• Emma Louise Alvarez

Moving On After a Breakup: The Inconsiderate Slut Narrative


© Illustration by INJECTION - Mia Hatch


How soon is too soon to move on? Does it really matter?


People (and research) will be quick to tell you that some of the choices you make after losing a partner are choices influenced by grief - that we look for a coping strategy, or way to distract us from painful feelings. This can be through a rebound relationship, whether emotional or physical - it is about a feeling of attachment, lots of sex with lots of strangers or any other choices that are generally categorised as ‘unhealthy.’


But why is that?


It is the more common narrative in society, where even the amount of research around distress in relation to the dissolution of relationships is more prominent than research existing around the potential for personal growth. But this should not affect the choices you make as to how to move on.


I recently got out of a relationship myself. Two and a half years I spent with this person, where at some point I was convinced that we were going to build a life together after university. When we broke up it was the perfect break-up movie scene: he refused to talk to me when he picked up all his stuff and soon afterwards I found myself blocked on all social media. It didn’t take long for me to venture to Tinder.


But I remember talking to one of my friends about wanting to do it ‘right’ this time; I did not want to jump to meaningless sex with strangers. I also strongly felt that, since one of my friends was still close with him, I had to be respectful of the situation. Luckily, I did not feel I was ready to move on; I was scared of being intimate with a new person and even the idea of having to flirt with someone new in order to figure out how compatible you are really freaked me out. This did not stop me from going on several Tinder dates.


My first date surprised me. Long story short, I slept with him and ended up with a sizable hickey on my neck, proudly displayed for all my friends to see. I was surprised to find that I did not feel the need to explain or defend myself. It was time to move on; psychologically there was nothing holding me back, and physically I was comfortable with being intimate again. And I kept waiting for that guilt to hit me. I knew I was ‘supposed’ to feel guilty for moving on, or being happy, or for not being ‘respectful,’ but that feeling never came. I realized that behaving ‘the right way’ after a break-up ultimately means doing what is right for you; not your ex-partner.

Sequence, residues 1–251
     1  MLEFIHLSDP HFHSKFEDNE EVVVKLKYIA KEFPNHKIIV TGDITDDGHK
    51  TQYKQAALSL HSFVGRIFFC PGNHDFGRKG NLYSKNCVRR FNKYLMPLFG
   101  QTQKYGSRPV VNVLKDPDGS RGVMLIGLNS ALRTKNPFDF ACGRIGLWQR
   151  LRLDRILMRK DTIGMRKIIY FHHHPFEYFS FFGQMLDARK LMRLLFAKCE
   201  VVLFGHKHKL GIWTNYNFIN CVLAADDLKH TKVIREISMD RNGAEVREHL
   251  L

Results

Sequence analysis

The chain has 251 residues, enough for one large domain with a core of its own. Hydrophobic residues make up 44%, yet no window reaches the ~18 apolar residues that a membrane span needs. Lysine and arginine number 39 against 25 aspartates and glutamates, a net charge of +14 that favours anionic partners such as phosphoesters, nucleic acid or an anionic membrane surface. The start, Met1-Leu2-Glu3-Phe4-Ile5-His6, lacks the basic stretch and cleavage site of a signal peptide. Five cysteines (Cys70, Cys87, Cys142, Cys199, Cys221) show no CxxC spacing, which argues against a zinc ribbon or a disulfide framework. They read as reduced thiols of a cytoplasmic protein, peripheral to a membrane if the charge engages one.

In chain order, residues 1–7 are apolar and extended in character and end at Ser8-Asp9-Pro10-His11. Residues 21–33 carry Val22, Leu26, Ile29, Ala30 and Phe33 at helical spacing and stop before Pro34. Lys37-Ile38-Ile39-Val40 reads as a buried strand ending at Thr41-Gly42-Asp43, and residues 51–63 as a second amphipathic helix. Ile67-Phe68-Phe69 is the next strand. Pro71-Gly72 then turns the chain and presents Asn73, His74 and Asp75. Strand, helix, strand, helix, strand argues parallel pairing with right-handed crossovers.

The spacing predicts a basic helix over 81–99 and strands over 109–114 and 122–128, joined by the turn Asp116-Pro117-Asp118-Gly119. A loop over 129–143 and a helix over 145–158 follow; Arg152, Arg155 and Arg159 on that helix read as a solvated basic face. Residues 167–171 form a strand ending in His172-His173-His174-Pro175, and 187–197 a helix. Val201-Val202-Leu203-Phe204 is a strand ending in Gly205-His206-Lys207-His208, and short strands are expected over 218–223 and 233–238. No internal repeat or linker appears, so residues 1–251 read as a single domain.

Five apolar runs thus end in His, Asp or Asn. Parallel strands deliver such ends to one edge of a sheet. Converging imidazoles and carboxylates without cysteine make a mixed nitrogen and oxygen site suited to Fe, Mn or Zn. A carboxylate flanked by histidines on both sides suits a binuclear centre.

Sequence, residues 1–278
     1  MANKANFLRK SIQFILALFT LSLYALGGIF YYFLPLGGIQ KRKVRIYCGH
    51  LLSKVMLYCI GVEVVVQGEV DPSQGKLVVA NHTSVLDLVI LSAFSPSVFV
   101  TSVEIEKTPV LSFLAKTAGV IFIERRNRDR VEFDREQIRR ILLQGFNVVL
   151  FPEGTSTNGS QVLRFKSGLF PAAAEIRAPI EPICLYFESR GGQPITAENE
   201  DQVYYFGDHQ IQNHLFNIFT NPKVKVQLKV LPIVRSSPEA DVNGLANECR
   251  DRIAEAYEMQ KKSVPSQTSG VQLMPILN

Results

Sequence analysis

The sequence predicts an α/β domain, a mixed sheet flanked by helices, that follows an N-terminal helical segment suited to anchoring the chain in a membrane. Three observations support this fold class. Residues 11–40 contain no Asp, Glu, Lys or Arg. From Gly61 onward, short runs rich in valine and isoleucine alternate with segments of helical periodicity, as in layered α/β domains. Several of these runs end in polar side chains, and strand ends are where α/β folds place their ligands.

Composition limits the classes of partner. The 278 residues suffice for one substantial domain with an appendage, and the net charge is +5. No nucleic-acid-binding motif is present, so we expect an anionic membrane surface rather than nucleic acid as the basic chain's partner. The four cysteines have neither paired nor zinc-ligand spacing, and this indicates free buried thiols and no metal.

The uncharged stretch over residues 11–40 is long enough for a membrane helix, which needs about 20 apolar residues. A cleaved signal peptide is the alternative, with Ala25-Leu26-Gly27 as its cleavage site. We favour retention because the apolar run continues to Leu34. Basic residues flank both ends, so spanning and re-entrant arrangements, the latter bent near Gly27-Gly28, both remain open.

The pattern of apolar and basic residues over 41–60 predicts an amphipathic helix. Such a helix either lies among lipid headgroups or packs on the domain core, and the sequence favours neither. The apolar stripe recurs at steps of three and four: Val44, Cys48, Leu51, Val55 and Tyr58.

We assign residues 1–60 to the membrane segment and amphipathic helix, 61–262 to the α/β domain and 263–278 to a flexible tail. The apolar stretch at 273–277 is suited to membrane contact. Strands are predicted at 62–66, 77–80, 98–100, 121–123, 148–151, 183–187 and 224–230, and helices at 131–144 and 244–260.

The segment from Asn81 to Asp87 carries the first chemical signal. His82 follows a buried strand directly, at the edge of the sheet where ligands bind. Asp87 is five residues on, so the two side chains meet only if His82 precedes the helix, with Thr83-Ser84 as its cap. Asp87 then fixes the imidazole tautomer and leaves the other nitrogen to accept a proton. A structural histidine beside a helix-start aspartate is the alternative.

While being respectful involves honesty, having good intentions, and considering your feelings as well as the other person’s feelings, it does not mean that you claim responsibility for their emotions. You are very much two separate individuals, and individually you are responsible for your own mental and physical wellbeing. This is where the lines blur; you are allowed to move on, you could consider your ex-partners feelings in whatever your process is, but you should not feel guilty if your moving on causes them pain. This is why the inconsiderate slut narrative is so problematic - it has many negative connotations and attaches an oppressing presupposition on how we are ‘supposed to behave’ after a break-up. It is possible to be honest, and considerate, have good intentions and still want to move on, either physically or emotionally.


There exists an expected level of judgement on our behaviour after we come out of a relationship. And using phrases like ‘being respectful’ (with a heavily judgemental tone) or asking questions as to whether it’s ‘maybe too soon’ to move on are only damaging and inhibiting to that individual, who really only is trying to move on.


There is no one right way to move on. Different people have different processes where it is important to find the balance between being mindful of the situation and the feelings of other people involved, as well as doing what is right for you. If you are comfortable and happy to have (lots of) sex post-break-up then you should not feel guilty or be made to feel guilty by anyone for the way you move on.


In short: Trust yourself and whatever process you choose to move on, you know you best.